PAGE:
Statistics

Anecdotal evidence suggests that child abuse in aid and development programs is a global problem but there is very little data to substantiate this. Few UN agencies and NGOs collect detailed information on the abuse of children by their own staff, and even fewer make this information publicly available. 

 

In 2002, a joint report by the UNHCR and Save the Children claimed child abuse was endemic in refugee camps, highlighting allegations against 67 workers and 42 agencies involving 40 victims. 1

In 2004 it was reported that in the Democratic Republic of Congo (DRC) many girls and women traded sex for food and other items with peacekeepers as a survival tactic. 2

Save the Children reported from research in 2008 in Cote D’Ivorie, Sudan and Haiti that nearly 90% of those interviewed recalled incidents of children being sexually exploited by aid workers and peacekeepers. 3

 

1. Sexual violence & Exploitation: The Experience of refugee Children in Guinea, Liberia and Sierra Leone.  UNHCR and Save the Children UK - 2002

2.  K Holt and S Hughes, ‘Sex and Death in the Heart of Africa.’ Independent, 25 May 2004.

3. Save the Children UK (2008) No One to Turn To: The under-reporting of child sexual exploitation and abuse from aid workers and peacekeeper. Save the Children: UK London

 

Further statistics taken from Unicef  www.unicef.org

Violence against children

It is impossible to measure the true magnitude of violence against children worldwide. There is a lack of data on the exact number of child victims because so much happens in secret and is not reported. However, between 500 million and 1.5 billion children are estimated to experience violence annually.  In each year as many as 275 million children worldwide are estimated to witness domestic violence.  

While the family should be the natural environment for protection of children, the home can also be a place where children experience violence in the form of discipline. Data from 37 countries shows that 86 per cent of children 2–14 years old experience physical punishment and/or psychological aggression. Two out of three children are subject to physical punishment.

Certain groups of children are particularly vulnerable to violence, including children with disabilities, children belonging to minority groups, children living on the streets, adolescents in conflict with the law, and refugee, displaced and migrating children. Generally, boys tend to be at greater risk of physical violence and girls face greater risk of neglect and sexual violence and exploitation.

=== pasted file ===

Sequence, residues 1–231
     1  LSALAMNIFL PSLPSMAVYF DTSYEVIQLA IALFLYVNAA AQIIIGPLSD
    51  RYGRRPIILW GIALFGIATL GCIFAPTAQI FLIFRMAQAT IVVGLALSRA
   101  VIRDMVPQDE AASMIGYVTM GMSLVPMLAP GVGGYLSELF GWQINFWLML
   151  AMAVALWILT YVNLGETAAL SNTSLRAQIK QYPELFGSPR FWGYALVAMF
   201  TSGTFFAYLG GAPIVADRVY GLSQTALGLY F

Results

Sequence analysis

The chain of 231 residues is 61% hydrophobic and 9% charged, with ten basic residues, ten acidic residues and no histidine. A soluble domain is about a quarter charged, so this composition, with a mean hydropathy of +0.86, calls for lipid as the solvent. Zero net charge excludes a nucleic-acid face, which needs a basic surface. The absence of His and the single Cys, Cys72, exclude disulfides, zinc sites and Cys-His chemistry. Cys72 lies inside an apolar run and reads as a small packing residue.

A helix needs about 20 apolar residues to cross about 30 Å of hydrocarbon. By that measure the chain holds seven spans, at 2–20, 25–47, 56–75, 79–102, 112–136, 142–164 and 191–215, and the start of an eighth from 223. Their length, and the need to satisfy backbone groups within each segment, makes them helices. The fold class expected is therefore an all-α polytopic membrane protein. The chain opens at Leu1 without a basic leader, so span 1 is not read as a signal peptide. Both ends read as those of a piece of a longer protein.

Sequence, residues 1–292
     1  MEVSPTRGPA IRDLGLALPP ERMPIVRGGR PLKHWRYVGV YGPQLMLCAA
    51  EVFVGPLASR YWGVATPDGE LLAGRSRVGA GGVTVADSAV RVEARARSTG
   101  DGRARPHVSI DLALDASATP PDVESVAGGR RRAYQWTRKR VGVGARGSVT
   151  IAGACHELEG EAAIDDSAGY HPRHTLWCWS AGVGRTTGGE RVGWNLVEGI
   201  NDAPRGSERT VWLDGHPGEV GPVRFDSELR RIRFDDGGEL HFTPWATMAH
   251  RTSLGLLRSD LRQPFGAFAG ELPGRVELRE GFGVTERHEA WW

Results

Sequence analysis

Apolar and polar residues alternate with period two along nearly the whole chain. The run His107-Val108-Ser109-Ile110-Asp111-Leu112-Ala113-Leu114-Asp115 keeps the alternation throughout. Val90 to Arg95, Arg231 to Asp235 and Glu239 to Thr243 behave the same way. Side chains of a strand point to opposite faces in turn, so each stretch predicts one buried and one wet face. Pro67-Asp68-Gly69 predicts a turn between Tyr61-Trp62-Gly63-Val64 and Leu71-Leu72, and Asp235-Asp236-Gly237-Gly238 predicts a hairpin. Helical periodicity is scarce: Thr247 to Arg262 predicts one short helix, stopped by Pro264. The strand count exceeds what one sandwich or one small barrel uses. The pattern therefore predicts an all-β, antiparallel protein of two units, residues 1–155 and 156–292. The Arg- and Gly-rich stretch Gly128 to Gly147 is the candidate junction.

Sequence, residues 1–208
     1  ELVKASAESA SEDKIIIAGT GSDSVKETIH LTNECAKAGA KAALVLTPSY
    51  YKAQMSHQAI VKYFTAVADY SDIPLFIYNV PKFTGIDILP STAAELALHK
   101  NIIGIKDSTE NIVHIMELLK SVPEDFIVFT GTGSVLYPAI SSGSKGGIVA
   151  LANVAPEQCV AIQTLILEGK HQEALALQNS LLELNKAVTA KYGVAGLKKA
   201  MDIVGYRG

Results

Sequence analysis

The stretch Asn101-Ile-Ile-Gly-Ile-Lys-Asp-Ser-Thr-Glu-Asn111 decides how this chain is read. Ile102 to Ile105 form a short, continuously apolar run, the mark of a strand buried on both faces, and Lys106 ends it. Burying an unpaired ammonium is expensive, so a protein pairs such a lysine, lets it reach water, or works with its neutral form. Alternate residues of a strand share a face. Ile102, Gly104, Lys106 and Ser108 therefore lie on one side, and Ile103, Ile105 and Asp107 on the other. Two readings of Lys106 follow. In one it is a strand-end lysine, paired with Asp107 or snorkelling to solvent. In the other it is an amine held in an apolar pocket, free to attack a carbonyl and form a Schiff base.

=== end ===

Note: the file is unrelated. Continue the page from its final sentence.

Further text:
Child Labour

It has been estimated that 158 million children, aged 5-14, are engaged in labour, as of 2006.

More than one third of children in sub-Saharan Africa work.

 

Female Genital Mutilation and Cutting

UNICEF estimates that 70 million girls and women aged 15–49 in 28 countries in Africa, plus Yemen have undergone female genital mutilation/cutting (FGM/C).The prevalence of FGM/C has declined slowly but steadily during the past decades.  

 

Child Trafficking

Estimation of the number of child trafficking continues to be a challenge given the clandestine nature of the crime. Variation in the numbers prevail depending on methodology used. ILO in 2005, for example, estimated that 980,000 to 1,250,000 children - both boys and girls - are placed in a forced labour situation as a result of trafficking (http://www.ilo.org/ipec/areas/Traffickingofchildren/lang--en/index.htm). 

 

Children without Parental Care

It has been estimated that more than 2 million children are in institutional care around the world, with more than 800,000 of them in Central and Eastern Europe and the Commonwealth of Independent States (CEE/CIS). This global estimate is likely to be severely underestimated due to under-reporting and lack of reliable data. Many institutions are unregistered and many countries do not regularly collect and report data on children in institutional care.

More than 17.5 million children have lost one or both parents to AIDS, over 14 million of whom live in sub-Saharan Africa.

 

Sexual Exploitation and Sexual Abuse of Children

There are few accurate statistics regarding sexual exploitation and sexual abuse of children as these crimes are often covert, secret and associated with intense feelings of shame that prevent children and adults from seeking help and reporting them.

Although statistics in relation to sexual abuse and exploitation are broad estimations and should be treated with caution, 150 million girls and 73 million boys under 18 are estimated to have experienced forced sexual intercourse or other forms of sexual violence and exploitation involving physical contact.  In 2000, it was estimated that 1.8 million children were being sexually exploited in prostitution and pornography.  Around 1 million children are thought to enter prostitution every year.

Although the majority of the child victims of sexual exploitation and abuse are girls, both girls and boys, of all ages and backgrounds, everywhere in world, fall victims of sexual exploitation and sexual abuse.

 

Children with Disabilities

It is estimated that, overall, some 650 million people worldwide live with a disability.

Reliable statistics on children with disabilities are difficult to obtain. According to the World Health Organization (WHO), around 10 per cent of the world’s children and young people, some 200 million, have sensory, intellectual or mental health impairment. Around 80 per cent of them live in developing countries.

Mortality for children with disabilities under five can be as high as 80 per cent in some income poor countries.

Children with disabilities are particularly vulnerable to physical violence and sexual, emotional and verbal abuse, and in some instances, the disability is itself caused by maltreatment.